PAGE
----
Category Archives: Around the World

T-Team Series — Mt. Sonder

The Waves of Mount Sonder

G’day, Lee-Anne Marie here from Australia. First of all, heartfelt thanks to Mohamad Al Karbi who has offered the opportunity to post the T-Team adventure series for all to enjoy travel in Australia.

In this episode, the T-Team admire the wonder of Mt Sonder in the MacDonnell Ranges; scenery that inspired famous indigenous artists such as Albert Namatjira, and also artists like me. The challenge, to rise early enough to capture the sunrise on Mt. Sonder.

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T-Team Adventures–Flinders Ranges

In Search of Bunyip Chasm

[This time, some of the T-Team venture into the Gammon Ranges, Northern Flinders Ranges, South Australia; an amazing unspoilt part of the world…

Heartfelt thanks to Mohamad Al Karbi for giving me the opportunity to share the beauty of the Gammon Ranges.]

Over the Easter break in 1986, Dad took my boyfriend at the time (Mr. K) and me to the Gammon Ranges. Dad had gone there the previous year and was keen to show us some of the scenic secrets these ranges held.

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T-Team @ Home — Barossa Valley

[Travellers to Australia often overlook Adelaide, South Australia as the poor cousin to the eastern states. Situated in a distant corner of the globe, the city and surrounds have the reputation of too hot, too dry and too awkward to visit.

Welcome to my home city and state.

Many thanks to Mohamad Al Karbi for giving me the opportunity to share the T-Team’s life and adventures in South Australia.]

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Moscow – Москва

In all parts of the World everyone knows that Moscow – is the capital of Russia, that in Moscow one can find the Kremlin, Red square and Lenin’s Mausoleum and many interesting sights to visit. In Moscow ancientness interfuses with contemporaneity, the solitude of reclusive corners – with the fuss of central squares. The city is like a powerful magnet attracts millions of tourists from all over the World.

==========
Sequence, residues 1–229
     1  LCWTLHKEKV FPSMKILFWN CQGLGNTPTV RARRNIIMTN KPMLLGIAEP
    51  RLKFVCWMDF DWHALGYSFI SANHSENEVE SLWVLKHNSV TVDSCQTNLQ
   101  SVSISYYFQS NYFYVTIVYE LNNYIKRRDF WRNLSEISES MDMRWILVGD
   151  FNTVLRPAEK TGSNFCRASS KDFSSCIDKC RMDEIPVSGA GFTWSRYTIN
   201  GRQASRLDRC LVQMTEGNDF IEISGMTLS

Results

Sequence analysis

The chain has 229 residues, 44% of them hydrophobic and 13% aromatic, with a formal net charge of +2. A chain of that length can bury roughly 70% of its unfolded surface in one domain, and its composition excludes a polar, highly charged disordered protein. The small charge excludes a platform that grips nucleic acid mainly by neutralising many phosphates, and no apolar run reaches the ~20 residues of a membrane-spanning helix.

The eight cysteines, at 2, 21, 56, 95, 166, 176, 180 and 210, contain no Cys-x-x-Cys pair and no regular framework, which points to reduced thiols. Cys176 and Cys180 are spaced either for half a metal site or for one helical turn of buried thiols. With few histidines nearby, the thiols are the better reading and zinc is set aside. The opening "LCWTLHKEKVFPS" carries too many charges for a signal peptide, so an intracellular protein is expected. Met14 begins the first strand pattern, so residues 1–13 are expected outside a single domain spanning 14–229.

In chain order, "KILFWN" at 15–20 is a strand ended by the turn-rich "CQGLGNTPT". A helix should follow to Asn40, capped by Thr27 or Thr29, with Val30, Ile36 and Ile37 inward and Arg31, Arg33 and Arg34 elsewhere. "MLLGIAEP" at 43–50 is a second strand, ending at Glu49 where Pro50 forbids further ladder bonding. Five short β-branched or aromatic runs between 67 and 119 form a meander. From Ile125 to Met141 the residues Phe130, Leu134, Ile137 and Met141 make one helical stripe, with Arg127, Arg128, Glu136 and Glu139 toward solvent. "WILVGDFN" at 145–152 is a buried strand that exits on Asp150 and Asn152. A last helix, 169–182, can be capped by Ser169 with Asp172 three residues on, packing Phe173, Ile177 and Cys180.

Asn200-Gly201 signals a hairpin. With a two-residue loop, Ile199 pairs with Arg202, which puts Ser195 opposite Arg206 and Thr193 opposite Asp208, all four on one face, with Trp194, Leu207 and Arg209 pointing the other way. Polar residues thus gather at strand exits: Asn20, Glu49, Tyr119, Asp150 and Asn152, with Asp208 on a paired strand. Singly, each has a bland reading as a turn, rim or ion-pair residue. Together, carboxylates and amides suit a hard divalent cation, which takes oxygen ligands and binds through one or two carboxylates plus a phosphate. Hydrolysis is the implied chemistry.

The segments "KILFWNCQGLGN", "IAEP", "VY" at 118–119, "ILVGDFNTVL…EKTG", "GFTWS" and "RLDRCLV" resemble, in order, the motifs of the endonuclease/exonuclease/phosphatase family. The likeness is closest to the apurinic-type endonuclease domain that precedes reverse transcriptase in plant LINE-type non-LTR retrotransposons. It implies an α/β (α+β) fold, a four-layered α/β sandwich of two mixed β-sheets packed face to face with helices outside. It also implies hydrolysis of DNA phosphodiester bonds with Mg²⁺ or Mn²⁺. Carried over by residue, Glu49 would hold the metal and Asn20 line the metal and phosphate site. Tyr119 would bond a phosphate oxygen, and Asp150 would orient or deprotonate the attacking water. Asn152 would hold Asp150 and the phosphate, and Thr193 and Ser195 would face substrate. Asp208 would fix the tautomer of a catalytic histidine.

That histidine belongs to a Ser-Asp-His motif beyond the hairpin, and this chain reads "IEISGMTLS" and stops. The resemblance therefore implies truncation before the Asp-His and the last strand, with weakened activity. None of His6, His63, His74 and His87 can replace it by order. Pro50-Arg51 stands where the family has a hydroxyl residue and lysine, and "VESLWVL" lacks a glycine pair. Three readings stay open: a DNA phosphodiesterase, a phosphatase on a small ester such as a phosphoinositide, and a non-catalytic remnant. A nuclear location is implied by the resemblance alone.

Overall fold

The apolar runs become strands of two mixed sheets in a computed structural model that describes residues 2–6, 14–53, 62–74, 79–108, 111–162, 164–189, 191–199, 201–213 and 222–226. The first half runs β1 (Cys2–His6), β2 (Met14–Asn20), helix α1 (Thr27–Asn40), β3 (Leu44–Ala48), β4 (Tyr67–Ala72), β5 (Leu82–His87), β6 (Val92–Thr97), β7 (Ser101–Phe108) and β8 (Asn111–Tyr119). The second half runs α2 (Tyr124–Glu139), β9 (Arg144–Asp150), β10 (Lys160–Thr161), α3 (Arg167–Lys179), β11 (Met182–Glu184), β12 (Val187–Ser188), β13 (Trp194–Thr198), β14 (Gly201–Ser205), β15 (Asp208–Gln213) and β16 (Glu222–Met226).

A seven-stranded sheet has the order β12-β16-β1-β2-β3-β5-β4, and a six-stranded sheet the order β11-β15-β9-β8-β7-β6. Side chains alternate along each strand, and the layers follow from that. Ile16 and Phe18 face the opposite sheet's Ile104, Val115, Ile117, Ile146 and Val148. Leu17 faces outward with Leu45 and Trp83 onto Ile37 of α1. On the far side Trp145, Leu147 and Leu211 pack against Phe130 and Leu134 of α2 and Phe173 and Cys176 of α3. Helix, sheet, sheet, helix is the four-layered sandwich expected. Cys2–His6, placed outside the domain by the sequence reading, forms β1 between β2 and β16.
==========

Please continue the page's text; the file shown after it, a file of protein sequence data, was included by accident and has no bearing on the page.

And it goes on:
If you are in Moscow for the first time, here are some tips on where to go:

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Racing the Sun

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Mexican Poppies bloomed in profusion throughout the Superstitions after the plentiful winter rains of 2008.

The four mile climb up the 2,000 foot eastern Superstition Wilderness bajada and escarpment consumed the morning and much of the afternoon.  It was the 80 pound backpack that did it.  Ten days of supplies, tent, equipment and 3.5 gallons (28 pounds) of water; enough food for a trek across the Superstition Wilderness, water enough for two days.  One day in, one day out if the water could not be replenished.  Mine was a water commitment, enough water storage to allow two days to trekking to another source.

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